Museums Offer Special Programs for Kids with Autism

Museum programs for kids with autism

Museums offer unique educational and entertainment opportunities for children and adults alike, but for kids with autism and their families, visits to these cultural havens can be problematic. However, there are dozens of children’s museums and other museums around the United States that offer special programs for children with autism.

All about museums and autism programs

Museums are a double-edged sword: they offer a wide variety of sensory stimulation, which is something children with autism are attracted to and enjoy. However, the degree and presentation of that stimulation can easily be overwhelming for these children (and adults with autism), so the typical museum environment is generally too much for them to handle.

That’s why some children’s museums and general museums have established special programs for children with autism. These programs are available in different formats, depending on the museum. (Note: There is also a nationwide movie theater program for kids with autism as well.)

For example, some museums offer a specific day and time each month or at particular intervals when children with autism and their families are the only people permitted to come to the museum. The museums make certain environmental changes to accommodate the children, such as dimmed lights, and parents can network with each other.


Special museum times for kids with autism and their families also allow for crowd control (so the children are not overstimulated), and any melt downs or other behavioral challenges are understood without embarrassment by all attendees. Children also can have better access to activities and exhibits that interest them.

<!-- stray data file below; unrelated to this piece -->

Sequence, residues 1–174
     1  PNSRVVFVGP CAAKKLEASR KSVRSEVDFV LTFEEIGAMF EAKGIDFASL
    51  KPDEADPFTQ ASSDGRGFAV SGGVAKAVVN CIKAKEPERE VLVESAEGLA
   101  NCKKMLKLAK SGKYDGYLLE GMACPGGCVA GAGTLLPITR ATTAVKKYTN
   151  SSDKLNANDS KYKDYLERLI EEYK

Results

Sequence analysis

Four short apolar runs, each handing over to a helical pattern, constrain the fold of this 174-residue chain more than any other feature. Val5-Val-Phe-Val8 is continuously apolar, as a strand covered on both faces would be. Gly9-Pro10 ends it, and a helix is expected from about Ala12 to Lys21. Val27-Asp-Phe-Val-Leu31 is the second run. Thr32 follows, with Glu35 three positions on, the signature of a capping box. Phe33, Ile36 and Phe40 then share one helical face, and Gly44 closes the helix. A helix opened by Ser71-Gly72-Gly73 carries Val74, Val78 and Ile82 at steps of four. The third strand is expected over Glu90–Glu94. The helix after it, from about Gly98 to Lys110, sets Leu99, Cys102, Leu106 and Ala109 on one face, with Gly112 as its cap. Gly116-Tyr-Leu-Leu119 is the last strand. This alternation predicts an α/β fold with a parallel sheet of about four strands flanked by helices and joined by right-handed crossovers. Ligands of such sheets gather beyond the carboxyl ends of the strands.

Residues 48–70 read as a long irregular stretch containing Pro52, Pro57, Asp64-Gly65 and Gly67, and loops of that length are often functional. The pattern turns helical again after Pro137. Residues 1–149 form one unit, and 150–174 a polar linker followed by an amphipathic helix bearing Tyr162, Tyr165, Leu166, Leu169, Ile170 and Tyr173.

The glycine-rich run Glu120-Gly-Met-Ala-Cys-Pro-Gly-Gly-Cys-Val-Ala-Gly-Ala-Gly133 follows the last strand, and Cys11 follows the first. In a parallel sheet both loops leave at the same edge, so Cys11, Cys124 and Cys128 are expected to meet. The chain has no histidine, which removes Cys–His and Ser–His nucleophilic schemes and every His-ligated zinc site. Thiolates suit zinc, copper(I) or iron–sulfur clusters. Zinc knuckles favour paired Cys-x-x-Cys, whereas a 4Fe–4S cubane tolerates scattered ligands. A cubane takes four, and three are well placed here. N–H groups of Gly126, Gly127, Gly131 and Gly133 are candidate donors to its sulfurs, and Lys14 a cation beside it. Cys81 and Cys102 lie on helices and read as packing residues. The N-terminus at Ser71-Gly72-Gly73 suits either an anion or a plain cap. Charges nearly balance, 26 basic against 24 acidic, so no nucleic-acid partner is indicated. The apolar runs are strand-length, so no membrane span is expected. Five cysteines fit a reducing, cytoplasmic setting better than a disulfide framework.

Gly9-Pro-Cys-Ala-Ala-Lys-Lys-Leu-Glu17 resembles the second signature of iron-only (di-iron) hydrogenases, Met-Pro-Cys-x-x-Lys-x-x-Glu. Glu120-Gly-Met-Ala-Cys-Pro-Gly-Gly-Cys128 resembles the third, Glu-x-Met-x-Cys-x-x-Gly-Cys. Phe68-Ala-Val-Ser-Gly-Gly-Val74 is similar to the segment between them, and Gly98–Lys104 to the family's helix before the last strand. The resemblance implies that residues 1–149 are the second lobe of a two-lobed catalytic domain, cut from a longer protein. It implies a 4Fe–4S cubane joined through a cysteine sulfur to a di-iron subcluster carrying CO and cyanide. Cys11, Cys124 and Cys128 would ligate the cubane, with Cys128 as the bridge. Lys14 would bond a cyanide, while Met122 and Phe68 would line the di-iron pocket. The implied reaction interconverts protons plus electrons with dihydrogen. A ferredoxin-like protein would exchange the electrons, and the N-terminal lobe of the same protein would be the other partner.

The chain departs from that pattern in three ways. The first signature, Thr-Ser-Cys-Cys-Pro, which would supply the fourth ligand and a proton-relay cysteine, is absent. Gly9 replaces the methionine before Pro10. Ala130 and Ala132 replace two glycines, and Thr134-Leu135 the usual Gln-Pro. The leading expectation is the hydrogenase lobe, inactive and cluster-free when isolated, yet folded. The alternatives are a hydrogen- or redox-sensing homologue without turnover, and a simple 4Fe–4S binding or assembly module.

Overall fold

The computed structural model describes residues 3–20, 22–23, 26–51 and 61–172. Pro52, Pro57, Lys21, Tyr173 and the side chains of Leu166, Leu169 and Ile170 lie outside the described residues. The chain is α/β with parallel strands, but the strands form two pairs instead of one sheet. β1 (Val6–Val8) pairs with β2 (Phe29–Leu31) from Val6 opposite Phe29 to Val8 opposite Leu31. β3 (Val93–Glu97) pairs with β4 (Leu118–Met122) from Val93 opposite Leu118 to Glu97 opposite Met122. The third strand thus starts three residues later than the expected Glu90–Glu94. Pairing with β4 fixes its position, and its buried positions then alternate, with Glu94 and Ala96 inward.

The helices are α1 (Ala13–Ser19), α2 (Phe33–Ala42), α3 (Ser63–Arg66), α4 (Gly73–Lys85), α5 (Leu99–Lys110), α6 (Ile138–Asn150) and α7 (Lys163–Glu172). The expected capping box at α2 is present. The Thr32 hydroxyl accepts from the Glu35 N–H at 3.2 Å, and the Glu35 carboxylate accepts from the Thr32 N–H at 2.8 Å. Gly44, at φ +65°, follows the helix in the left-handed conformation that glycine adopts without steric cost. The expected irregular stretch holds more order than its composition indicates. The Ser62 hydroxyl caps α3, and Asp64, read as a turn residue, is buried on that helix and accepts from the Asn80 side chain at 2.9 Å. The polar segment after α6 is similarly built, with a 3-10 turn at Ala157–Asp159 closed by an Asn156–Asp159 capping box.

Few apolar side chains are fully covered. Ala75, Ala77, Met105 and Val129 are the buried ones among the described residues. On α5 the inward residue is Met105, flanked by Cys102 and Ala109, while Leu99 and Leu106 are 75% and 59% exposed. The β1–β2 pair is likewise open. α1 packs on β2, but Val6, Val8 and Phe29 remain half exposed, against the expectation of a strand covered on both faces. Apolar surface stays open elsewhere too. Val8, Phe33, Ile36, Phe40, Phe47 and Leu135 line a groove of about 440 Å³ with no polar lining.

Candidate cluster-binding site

Note that children’s museums and other museums do not bar kids with autism and their families from visiting their facilities at any time they please. However, parents who know or believe their child will become anxious or uncomfortable going to a museum during general business hours have an option provided by some museums.

Some museums with autism programs

  • Among the museums with autism events or programs is the Please Touch Museum for kids in Philadelphia. The facility offers Play without Boundaries, an hour set aside for children with special needs such as autism.
  • Another is the Children’s Museum of New Hampshire’s Autism Partnership Program called Exploring Our Way. Currently, the museum has established the second Sunday of each month from 10 AM to noon for this program, offering children with autism and their families free admission, a safe environment, networking for parents, and special materials and resources.
  • On the first Saturday of each month, Seattle Children’s Museum dims the lights and reduces the sound in their facility to welcome kids with autism. The Sensory Sensitive Hours at the museum is a partnership with Autism Speaks.
  • In Acton, Massachusetts, the Discovery Museums offer the Especially for Me program for families with children on the autism spectrum. This program provides free evenings at the museum and is offered in conjunction with the Autism Alliance of MetroWest.
  • Children’s Museum of Pittsburgh offers special Autism Access events for families of kids with ASD. You can sign up for free on the website to receive alerts on upcoming programs and events.

If you have a child with autism and you have stayed away from museums because you’re afraid your kid may act out and/or be overwhelmed, you can check with the Autism in the Museum website for more information or contact your local children’s museum and other museums to see if they have particular events. You may be surprised how many museums offer special programs for children with autism.

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